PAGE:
A bipartisan plan to reshape the nation’s primary education law would maintain strict limits on the number of students with disabilities taking less rigorous tests.

After months of negotiation, the top Republican and Democrat on the U.S. Senate education committee released a joint proposal this week to update the Elementary and Secondary Education Act, known as No Child Left Behind. The Senate education panel is slated to consider the bill next week.

Currently, students with severe cognitive disabilities are allowed to take alternate assessments in lieu of the general, grade-level tests mandated for most children. However, only 1 percent of all students — or about 10 percent of those with disabilities — may be counted as proficient by schools for taking alternate exams.

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The proposal from U.S. Sens. Lamar Alexander, R-Tenn., and Patty Murray, D-Wash., would retain that rule. The plan would also continue a requirement that annual data collection to track student progress include figures specific to students with disabilities.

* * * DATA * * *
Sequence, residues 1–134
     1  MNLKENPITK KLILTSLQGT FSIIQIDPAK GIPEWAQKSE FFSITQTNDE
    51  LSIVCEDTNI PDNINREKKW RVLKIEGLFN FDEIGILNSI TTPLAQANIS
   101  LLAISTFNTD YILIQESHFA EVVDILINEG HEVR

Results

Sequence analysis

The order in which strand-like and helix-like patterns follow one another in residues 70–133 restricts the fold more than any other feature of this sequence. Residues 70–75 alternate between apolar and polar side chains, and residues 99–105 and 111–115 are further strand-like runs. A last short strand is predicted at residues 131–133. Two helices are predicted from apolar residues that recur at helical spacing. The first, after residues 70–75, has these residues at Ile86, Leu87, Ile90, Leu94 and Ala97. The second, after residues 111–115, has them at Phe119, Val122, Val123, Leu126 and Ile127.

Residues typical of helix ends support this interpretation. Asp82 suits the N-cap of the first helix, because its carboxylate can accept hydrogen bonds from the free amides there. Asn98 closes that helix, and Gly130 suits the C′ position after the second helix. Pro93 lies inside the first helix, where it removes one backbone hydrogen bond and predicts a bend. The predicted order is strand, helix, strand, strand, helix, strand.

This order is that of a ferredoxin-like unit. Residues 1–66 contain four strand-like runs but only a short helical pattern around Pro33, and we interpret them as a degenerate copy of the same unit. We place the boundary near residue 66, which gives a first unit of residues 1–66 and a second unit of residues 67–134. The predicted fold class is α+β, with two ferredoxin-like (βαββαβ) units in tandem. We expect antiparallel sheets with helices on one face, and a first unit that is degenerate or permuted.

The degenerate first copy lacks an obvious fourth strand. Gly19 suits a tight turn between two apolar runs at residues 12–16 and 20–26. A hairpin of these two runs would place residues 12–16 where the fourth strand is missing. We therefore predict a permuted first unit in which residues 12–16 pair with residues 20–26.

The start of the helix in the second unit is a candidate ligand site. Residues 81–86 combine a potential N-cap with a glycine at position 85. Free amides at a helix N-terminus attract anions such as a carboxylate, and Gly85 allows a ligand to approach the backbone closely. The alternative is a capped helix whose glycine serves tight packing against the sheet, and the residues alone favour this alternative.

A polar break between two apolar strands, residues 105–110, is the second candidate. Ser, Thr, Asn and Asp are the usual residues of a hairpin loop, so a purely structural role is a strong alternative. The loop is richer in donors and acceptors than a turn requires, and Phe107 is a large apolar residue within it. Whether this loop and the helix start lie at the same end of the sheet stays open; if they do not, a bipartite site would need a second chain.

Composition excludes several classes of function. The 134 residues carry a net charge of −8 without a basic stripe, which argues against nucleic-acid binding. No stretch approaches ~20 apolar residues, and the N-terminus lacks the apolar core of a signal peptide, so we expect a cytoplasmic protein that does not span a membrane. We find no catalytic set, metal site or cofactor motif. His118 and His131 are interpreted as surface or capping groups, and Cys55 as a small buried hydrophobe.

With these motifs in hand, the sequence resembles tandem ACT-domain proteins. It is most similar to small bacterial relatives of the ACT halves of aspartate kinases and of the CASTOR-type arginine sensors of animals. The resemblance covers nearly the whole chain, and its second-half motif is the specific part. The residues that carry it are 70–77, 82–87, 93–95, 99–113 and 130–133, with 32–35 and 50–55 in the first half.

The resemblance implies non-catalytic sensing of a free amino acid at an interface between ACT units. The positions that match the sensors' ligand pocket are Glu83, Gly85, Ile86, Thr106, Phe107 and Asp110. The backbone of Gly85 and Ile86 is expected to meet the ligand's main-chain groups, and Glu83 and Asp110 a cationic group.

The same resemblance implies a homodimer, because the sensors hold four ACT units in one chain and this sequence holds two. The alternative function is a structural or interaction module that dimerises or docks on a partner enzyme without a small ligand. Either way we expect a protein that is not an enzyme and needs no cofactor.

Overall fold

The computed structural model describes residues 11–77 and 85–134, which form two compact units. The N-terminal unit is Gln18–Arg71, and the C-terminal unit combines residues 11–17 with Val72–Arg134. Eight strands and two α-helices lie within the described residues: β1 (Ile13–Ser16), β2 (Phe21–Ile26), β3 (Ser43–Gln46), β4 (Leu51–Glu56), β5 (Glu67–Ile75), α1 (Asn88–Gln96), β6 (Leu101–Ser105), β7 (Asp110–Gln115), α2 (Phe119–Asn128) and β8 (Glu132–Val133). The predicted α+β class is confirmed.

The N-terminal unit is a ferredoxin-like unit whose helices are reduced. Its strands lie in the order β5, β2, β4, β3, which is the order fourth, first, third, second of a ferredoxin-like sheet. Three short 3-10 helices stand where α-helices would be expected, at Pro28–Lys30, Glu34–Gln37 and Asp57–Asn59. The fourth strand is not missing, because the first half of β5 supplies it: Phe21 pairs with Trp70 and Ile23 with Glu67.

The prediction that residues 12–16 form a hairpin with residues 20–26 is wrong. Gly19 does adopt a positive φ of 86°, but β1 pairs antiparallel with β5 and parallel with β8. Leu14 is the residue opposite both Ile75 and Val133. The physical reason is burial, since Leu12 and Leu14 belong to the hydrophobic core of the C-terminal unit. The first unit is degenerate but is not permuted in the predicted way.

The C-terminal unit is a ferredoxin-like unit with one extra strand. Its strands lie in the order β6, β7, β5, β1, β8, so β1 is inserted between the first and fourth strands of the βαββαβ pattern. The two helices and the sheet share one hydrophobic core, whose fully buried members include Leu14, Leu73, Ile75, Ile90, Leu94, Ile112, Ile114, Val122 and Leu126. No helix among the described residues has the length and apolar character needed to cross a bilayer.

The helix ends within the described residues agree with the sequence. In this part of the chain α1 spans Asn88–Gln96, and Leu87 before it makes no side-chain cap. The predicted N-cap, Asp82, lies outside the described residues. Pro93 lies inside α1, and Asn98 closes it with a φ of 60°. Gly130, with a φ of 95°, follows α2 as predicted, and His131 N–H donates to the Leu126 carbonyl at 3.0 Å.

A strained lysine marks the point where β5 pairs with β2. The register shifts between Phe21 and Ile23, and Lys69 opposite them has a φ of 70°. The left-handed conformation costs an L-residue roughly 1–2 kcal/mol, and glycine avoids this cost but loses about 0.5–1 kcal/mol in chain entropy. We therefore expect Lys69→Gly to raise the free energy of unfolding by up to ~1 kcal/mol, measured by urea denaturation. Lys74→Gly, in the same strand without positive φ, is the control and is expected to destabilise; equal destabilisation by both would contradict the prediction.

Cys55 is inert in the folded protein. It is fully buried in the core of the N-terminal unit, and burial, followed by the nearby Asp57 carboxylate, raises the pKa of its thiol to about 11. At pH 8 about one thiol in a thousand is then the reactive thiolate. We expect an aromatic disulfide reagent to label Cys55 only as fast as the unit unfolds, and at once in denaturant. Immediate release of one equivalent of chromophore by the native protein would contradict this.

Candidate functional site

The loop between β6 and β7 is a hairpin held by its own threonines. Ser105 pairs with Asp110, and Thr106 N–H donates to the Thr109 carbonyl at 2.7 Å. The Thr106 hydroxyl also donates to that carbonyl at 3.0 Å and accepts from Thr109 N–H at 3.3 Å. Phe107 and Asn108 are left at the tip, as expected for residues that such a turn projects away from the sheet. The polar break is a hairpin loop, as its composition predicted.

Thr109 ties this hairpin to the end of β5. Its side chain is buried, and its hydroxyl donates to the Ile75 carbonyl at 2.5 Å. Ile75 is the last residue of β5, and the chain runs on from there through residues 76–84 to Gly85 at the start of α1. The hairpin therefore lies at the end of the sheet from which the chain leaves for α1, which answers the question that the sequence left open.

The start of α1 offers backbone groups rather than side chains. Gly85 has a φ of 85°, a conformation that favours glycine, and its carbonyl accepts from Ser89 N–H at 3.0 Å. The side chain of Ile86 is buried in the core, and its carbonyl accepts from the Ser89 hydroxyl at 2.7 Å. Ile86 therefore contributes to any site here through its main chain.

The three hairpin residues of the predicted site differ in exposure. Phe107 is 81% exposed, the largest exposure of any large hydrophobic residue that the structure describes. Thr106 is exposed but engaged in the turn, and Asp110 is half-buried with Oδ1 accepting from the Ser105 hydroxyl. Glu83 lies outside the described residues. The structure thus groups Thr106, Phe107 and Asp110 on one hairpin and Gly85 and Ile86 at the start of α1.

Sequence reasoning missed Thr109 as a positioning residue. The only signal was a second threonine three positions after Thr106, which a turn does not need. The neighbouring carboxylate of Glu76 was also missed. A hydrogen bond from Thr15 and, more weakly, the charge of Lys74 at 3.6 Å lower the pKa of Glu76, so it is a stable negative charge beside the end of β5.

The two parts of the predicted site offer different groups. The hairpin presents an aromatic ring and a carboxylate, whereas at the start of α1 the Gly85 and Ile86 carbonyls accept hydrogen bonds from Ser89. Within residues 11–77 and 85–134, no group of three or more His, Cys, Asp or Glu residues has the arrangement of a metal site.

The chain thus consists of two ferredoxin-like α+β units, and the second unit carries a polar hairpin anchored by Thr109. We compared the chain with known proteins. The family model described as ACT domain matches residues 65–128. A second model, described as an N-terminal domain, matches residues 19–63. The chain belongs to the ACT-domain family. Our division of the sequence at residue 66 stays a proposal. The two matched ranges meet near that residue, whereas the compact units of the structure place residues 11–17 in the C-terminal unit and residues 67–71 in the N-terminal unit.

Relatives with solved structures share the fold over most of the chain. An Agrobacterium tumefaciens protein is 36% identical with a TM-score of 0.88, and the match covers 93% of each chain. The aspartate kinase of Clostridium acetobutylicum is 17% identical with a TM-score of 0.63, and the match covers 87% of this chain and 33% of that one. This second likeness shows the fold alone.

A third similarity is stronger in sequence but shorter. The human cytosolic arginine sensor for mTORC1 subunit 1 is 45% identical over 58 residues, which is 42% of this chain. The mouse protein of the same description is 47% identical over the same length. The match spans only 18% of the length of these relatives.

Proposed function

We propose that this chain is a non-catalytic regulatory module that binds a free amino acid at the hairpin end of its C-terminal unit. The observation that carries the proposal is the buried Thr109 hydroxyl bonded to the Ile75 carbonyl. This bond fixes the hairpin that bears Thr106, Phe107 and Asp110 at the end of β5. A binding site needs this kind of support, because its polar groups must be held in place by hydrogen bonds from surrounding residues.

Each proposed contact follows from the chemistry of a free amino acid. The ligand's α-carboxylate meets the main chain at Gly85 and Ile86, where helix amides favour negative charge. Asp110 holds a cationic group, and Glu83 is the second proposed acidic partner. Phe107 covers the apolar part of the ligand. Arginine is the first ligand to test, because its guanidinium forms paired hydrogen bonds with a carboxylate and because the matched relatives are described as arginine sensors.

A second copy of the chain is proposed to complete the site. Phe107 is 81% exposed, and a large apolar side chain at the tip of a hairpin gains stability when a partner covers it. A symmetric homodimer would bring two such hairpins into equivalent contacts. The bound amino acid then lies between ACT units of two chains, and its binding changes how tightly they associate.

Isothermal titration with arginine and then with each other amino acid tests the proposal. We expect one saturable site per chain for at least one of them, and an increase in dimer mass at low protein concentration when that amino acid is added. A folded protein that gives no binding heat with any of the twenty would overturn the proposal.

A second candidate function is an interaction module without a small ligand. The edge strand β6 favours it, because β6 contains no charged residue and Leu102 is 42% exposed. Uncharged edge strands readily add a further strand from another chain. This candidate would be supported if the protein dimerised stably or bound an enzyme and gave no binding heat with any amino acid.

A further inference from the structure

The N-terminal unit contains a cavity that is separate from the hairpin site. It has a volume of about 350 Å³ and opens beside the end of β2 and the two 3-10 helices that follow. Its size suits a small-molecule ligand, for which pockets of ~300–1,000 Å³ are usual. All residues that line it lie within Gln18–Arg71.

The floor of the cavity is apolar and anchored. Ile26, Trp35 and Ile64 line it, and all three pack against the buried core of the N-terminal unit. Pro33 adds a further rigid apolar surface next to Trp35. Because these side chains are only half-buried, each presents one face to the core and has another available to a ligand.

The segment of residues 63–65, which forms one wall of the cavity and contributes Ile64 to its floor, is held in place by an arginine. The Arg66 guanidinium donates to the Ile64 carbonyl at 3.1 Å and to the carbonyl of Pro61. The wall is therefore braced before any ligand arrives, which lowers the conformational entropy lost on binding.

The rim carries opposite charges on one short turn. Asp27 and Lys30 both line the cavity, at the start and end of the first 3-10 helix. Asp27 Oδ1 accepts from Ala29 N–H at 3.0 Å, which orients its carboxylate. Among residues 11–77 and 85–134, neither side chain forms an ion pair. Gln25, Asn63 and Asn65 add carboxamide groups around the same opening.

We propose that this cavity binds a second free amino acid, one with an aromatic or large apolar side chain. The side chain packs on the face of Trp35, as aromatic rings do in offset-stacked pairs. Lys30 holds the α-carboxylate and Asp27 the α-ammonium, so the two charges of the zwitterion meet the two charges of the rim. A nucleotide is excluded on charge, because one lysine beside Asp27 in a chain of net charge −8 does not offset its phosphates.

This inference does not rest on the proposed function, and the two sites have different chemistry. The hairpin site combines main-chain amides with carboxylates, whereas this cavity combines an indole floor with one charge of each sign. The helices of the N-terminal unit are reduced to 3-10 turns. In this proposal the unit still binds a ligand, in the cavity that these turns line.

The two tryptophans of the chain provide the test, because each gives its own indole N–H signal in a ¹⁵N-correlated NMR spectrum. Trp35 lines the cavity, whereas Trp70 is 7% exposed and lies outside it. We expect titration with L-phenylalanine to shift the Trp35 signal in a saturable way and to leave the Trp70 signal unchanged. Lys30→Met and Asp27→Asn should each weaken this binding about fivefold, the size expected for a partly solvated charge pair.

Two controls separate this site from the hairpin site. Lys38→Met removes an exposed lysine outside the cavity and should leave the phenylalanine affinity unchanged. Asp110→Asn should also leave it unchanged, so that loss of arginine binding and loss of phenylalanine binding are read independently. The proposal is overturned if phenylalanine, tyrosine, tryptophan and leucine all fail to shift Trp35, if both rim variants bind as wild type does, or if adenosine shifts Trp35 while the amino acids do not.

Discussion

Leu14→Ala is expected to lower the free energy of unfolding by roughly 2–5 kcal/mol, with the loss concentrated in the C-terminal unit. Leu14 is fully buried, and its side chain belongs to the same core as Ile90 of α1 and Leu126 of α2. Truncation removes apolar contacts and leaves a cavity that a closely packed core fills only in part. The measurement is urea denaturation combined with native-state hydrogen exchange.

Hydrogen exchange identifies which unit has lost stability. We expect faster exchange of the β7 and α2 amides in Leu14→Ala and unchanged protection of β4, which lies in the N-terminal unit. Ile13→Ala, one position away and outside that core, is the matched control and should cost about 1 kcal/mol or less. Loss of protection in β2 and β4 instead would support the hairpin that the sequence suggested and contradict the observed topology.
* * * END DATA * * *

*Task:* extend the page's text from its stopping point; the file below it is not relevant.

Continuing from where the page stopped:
“Our agreement continues important measurements of the academic progress of students but restores to states, local school districts, teachers and parents the responsibility for deciding what to do about improving student achievement,” Alexander said of the plan which would scale back the federal role in defining academic standards, how teachers should be evaluated and what to do about failing schools.

Disability advocates were concerned by an earlier proposal from Alexander that would have done away with the cap on the number of students who could take less-rigorous tests, potentially leading to lower expectations.

Lindsay Jones, director of public policy and advocacy at the National Center for Learning Disabilities, said that an initial read of the new proposal suggests that it’s a “step in the right direction,” particularly with regard to testing.

“The overwhelming majority of students with disabilities can — and do — take the general assessment with or without accommodations. We believe the bill mirrors this reality and includes important protections that provide access to the general education curriculum for all students — those taking the general or the alternate assessment,” Jones said.

A separate plan to revise the education law stalled earlier this year in the U.S. House of Representatives.